Have you seen our latest Summer Themed Stationery Pack yet? Learn more about why we included all these items.
Obon is coming up in less than a month! This year, many people will take an obon break between August 11th-16th. Obon is a memorial event for ancestors’ spirits, and family members gather to hold a memorial service. What to do during obon varies from place to place. Some people hold bon-odori (obon dance) festival, and some people float lanterns down the river.
Since family members including uncle and aunts gather for obon, kids often get some pocket money from their relatives or parents. It is called obon-dama. Obon-dama literally means obon money, which is similar to otoshi-dama, the money kids can get from relatives and parents on new year’s day. Obon-dama usually comes in paper envelopes like the photo below.
This envelope is usually called pochi-bukuro.
Pochi means small or a little, and bukuro (fukuro) means bag or envelope.
Even when the amount inside is not a little, we call it ‘pochi’ because it shows the humbleness of the givers.
In our July stationery pack, we selected these 4 patterns of obon-dama pochi-bukuro.
Each has beautiful summer themed pictures, and today I’d like to introduce you some of Japanese summer cultures associated with these pictures.
At summer festivals in Japan, people enjoy booths of foods and games.
One of popular booths is kingyo-sukui.
Kingyo-sukui means goldfish scooping, and kids love playing it.
Many goldfish are swimming in the pool, and the game challengers try to catch one with a scooper.
A scooper is made with a thin sheet of Japanese paper, and you need to be careful not to tear the paper as it gets wet.
If you catch any goldfish, you can bring it your home as a pet.
Shaved ice is called kaki-gori (かき氷) in Japanese, and it is literally ice shaved into fluffy pieces.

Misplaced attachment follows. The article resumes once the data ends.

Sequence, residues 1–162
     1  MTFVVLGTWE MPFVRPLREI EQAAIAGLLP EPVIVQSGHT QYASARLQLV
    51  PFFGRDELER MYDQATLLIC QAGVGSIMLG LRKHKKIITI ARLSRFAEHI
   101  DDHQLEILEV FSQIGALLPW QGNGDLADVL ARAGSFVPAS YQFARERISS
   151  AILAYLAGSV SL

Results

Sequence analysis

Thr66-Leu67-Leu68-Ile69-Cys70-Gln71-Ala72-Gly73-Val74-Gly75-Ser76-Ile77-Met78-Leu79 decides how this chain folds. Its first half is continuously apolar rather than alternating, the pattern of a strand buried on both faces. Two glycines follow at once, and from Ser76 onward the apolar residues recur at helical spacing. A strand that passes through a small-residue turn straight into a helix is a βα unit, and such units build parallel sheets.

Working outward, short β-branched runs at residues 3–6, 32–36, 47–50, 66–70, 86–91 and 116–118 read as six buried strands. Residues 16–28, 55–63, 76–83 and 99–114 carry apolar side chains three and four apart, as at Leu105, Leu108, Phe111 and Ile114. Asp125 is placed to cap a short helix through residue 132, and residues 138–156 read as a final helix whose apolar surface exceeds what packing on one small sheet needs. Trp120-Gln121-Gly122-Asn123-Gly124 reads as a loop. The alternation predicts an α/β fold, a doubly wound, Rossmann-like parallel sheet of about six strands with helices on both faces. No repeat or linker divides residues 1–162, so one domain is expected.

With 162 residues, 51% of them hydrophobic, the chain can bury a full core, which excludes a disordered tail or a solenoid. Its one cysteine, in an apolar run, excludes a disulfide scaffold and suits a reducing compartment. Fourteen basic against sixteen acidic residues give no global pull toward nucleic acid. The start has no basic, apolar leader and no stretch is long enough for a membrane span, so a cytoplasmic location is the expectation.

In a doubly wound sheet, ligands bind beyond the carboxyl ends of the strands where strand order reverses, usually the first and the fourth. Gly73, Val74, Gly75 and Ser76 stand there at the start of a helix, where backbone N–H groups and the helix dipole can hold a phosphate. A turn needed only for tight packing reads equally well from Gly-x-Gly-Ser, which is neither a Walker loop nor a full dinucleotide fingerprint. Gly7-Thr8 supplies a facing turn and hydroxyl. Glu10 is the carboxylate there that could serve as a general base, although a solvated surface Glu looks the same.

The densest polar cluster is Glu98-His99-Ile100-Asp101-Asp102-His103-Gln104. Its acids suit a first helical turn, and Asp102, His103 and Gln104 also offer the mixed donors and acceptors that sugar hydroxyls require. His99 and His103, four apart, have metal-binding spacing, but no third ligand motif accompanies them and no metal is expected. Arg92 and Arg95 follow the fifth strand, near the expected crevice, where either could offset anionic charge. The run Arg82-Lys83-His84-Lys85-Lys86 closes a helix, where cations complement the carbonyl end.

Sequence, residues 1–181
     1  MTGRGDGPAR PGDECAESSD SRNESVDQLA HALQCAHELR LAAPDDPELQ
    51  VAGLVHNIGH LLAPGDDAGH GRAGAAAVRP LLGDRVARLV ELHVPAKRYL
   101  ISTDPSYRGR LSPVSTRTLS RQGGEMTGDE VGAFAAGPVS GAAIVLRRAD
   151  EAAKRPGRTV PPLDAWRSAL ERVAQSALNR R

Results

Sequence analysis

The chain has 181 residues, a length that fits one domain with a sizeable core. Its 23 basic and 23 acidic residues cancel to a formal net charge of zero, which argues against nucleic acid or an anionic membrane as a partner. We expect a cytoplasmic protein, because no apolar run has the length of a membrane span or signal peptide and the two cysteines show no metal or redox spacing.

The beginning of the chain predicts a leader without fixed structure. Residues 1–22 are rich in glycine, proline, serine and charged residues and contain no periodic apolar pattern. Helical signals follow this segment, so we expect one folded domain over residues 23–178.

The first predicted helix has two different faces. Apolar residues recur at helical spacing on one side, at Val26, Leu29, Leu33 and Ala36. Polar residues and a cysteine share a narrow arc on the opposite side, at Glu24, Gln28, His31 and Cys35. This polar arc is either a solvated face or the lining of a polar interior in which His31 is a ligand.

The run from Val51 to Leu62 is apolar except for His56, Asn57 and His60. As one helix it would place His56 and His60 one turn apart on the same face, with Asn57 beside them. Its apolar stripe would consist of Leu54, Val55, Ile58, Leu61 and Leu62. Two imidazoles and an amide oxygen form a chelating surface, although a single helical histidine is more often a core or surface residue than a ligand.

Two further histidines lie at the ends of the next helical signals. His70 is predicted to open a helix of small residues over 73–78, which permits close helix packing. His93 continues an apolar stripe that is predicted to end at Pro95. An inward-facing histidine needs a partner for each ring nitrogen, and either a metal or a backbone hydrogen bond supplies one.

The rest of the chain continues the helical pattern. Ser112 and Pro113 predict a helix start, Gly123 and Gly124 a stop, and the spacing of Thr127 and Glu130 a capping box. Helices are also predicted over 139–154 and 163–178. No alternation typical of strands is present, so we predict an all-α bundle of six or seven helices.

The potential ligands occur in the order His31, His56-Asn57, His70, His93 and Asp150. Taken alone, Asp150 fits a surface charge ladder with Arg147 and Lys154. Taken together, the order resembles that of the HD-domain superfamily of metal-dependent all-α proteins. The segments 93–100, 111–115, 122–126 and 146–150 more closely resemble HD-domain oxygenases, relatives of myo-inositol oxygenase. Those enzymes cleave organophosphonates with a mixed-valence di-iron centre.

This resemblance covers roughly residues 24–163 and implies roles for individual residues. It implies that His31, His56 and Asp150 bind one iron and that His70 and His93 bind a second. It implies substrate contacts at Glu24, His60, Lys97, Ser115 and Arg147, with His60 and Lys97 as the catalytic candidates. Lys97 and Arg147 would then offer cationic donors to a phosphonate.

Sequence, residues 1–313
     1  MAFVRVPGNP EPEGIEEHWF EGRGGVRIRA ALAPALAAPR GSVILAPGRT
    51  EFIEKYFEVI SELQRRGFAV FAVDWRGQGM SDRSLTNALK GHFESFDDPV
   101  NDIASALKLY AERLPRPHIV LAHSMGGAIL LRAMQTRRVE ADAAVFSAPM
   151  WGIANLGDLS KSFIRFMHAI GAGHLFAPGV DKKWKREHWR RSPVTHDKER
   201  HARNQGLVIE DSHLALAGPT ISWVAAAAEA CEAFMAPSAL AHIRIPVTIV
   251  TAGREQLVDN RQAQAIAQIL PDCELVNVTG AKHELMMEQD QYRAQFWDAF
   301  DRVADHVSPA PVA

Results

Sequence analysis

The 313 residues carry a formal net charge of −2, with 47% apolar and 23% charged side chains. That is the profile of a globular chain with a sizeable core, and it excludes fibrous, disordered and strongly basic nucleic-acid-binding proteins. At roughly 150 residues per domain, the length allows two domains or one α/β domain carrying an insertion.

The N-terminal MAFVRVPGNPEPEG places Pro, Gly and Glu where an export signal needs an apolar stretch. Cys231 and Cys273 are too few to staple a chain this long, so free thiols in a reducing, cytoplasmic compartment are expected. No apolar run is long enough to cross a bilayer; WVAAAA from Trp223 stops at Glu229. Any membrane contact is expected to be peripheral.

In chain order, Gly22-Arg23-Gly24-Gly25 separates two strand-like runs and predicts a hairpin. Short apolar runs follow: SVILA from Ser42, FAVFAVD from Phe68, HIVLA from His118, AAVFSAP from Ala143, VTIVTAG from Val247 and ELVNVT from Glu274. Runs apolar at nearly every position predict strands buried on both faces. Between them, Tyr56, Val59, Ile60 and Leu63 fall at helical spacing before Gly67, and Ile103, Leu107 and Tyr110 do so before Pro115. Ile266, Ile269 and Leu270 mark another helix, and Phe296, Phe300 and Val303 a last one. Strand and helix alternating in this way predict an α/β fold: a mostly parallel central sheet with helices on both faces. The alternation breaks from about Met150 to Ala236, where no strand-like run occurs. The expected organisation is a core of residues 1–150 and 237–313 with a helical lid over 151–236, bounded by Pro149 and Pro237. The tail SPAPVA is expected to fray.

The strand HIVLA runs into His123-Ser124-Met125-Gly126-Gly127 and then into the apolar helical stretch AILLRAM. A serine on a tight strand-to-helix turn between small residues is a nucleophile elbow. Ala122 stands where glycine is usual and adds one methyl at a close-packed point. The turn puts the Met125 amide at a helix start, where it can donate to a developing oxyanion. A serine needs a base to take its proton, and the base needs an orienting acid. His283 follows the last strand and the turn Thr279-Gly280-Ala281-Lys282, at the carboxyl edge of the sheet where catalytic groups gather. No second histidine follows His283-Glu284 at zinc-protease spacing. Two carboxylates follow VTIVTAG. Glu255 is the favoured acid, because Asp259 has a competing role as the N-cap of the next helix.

It is also one of the famous foods that you can get at summer festivals in Japan, or you can make it by yourself with a kaki-gori machine.
After you shave a bowl full of ice, add some fruit flavored syrup.
Strawberry, melon, and soda are popular flavors. And some people like to add condensed milk to make it sweeter.
Plus, if you add some fruits on the top, it will be even better!
Yo-Yo balloon is known as water yo-yo.
It is a palm-sized balloon and there is a little water in it.
Fishing for a yo-yo balloon is also a kind of game that kids love at summer festivals.
A lot of yo-yo balloons are floating in a small water pool, and game challengers try to fish one out with a thin string of paper.
If they fish any of yo-yo balloons before the string tears, they can take them.
Yo-yo balloons are painted colorfully, and looking at those balloons floating on water is also calming and summery.
Fu-rin (風鈴) is a wind bell to hang by a door or window.
The sound of the wind bell is like ring ring, and that sound makes people feel a little cooler during hot summer.
Some people say that sound is kind of similar to a singing cricket.
Usually furin is made of iron, glass or ceramic.
There are some different shapes, but round ones are the standard and the most popular.
Ramune is a carbonated drink like soda.
The drink comes in a glass bottle and it is sealed with a marble.
When you open it, you push the marble inward into the bottle.
As you take a sip, the marble moves inside the bottle, and that sound is cool like the wind bell.
Ramune is the representative drink of Japanese sumer, and it cools us down at summer festivals.
You can always find ramune flavored treats in Japan too, often in our own Sweets Packs as well!
Water melon is the representative fruit of Japanese summer.
There are mainly two situations that people enjoy watermelons in Summer.
One is at the beach. Have you heard about suika-wari?
Suika-wari means a watermelon splitting game, and it’s a beach game.
A person who is blindfolded tries to split a watermelon with a stick.
The other Japanese way to enjoy watermelon is eating it at engawa to cool down.
Engawa is veranda-like porch in Japan, and it is often seen in a traditional Japanese house.
It is really relaxing to have watermelon feeling a little cool wind on the engawa.
Asagao (morning glory)
The morning glory flower is called asagao in Japanese.
Asa means morning, and gao (kao) means face.
There are mainly two reasons that morning glories are popular.
One is that since this kind of flower grows tall, it can be a "green curtain."
A green curtain can shut out the sun and make a cool shade for people to have a rest.
Two, is that it blooms in the morning.
In the morning, people gets active because the heat isn't as strong as it is in the afternoon.
When they get up and see the flowers are blooming, it motivates and encourages them to be powerful for the day.
Even though summer in Japan is so hot and humid that I think I cannot survive every year, there are tons of beautiful and cool moments.
When you are travelling to Japan this summer, don't miss any of these summer cultures!